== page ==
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By Joy Wiltermuth
NEW YORK, Aug 8 (IFR) - Several hedge funds have received margin calls in recent days on their holdings of risk-sharing RMBS bonds from Freddie Mac and Fannie Mae, market sources told IFR.
The sources said the margin calls were met, but the event still unnerved the structured finance market, which has again become reliant on cheap leverage to sustain momentum.
One banker said brokers’ margin calls required the hedge funds to pony up an extra four to five points of their equity against what they initially borrowed to purchase the bonds - understood to be more than 80% of the purchase price in some cases - to cover any losses.
“Dealers that lead these trades offer attractive financing of two to three times leverage,” one mortgage strategist said. “But if the investor is forced to unwind, it can get ugly.”
In the first quarter, some hedge funds were locking in 30-day repurchase agreements to buy risk-sharing bonds at a rate of 1.9% to lever 2.14 times, according to SEC filings.
Risk-sharing RMBS are barely a year old, having sprung up as a new asset class after US regulators issued guidelines urging the government to reduce its footprint in the massive US residential mortgage market.
Hedge funds piled aggressively into the riskier (and often unrated) tranches of the deals, looking for yield pick-up at a time when returns had shrunk dramatically just about everywhere else.
But those deals have recently tumbled dramatically. Between July 11 and July 29, the unrated bonds favoured by hedge funds gapped out as much as 50bp to roughly Libor plus 330bp in the secondary market, according to Wells Fargo data.
“Generally the sell-off has all the signs of a levered unwind,” the mortgage strategist said.
And at a time when volatility is high - Lipper this week reported the largest one-week outflow from high-yield funds ever, at more than US$7bn - the risk-sharing bonds are continuing to struggle.
On Wednesday Freddie Mac had to price the unrated tranches of its latest Structured Agency Credit Risk (STACR) trade at Libor plus 400bp and 410bp - a whopping 100bp-120bp wide of Fannie Mae’s last risk-sharing deal in July.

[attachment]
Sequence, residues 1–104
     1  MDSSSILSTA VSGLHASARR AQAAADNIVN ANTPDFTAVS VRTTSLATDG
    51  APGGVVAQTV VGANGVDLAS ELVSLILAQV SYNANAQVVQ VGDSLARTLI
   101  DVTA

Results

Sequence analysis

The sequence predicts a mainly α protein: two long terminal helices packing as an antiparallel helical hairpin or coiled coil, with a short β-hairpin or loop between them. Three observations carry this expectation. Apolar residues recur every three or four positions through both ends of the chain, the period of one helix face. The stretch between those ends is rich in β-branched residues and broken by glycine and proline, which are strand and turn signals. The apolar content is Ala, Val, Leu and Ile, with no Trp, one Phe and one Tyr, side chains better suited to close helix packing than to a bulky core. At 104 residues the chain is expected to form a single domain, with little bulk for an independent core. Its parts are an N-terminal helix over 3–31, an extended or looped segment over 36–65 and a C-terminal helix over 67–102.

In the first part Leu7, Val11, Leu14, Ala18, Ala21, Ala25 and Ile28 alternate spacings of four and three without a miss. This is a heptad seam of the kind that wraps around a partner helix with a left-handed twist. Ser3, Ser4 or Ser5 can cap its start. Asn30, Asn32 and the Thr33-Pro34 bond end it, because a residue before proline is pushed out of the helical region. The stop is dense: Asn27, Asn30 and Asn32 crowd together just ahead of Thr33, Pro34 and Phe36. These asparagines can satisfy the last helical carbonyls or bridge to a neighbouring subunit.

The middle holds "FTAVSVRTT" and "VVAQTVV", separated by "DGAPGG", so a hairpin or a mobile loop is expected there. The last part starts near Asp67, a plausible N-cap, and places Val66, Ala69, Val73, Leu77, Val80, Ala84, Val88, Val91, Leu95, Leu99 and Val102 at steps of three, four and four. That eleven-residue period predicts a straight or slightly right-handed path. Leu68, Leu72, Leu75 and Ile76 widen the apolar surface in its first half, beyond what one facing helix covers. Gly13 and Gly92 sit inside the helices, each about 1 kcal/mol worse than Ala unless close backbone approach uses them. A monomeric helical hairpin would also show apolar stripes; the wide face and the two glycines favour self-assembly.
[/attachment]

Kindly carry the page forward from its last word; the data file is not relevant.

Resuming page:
And while cheap money certainly enticed some players to buy into the risk-sharing sector in the first place, record volumes lately have led players to look for a way to trade out.
Approximately US$135m in risk-sharing bonds was out for bid in each of the past two weeks, the highest levels by far since the programme started in July 2013, according to Adam Murphy, president of market data company Empirasign.
Despite these stumbles, Freddie Mac is counting on being able to attract a broader base of buy-and-hold investors to the asset class - and remains optimistic.
For one thing, each of Freddie’s four STACR deals prior to July had printed at successively tighter levels, as did the three prior Fannie trades.
“Maybe spreads tightened too much and are now back to a more sustainable level,” Mike Reynolds, a director of portfolio management at Freddie Mac, told IFR.
“We definitely think the investor book should include hedge funds, and it’s natural for them to use to get the yields they need,” he said. “But we prefer to be a smaller percent of the total distribution.”
And that seems to be happening already. For the 2014-DN3 portion of the new STACR trade, 20% went to hedge funds, down from a 30% participation in April for its DN2 deal, Reynolds said.
Meanwhile the 2014-HQ1 deal - the first from Freddie to include mortgages with loan-to-values above 80% - saw just 5% participation from hedge funds. (Reporting by Joy Wiltermuth, additional reporting by Andrew Park.; Editing by Marc Carnegie and Shankar Ramakrishnan)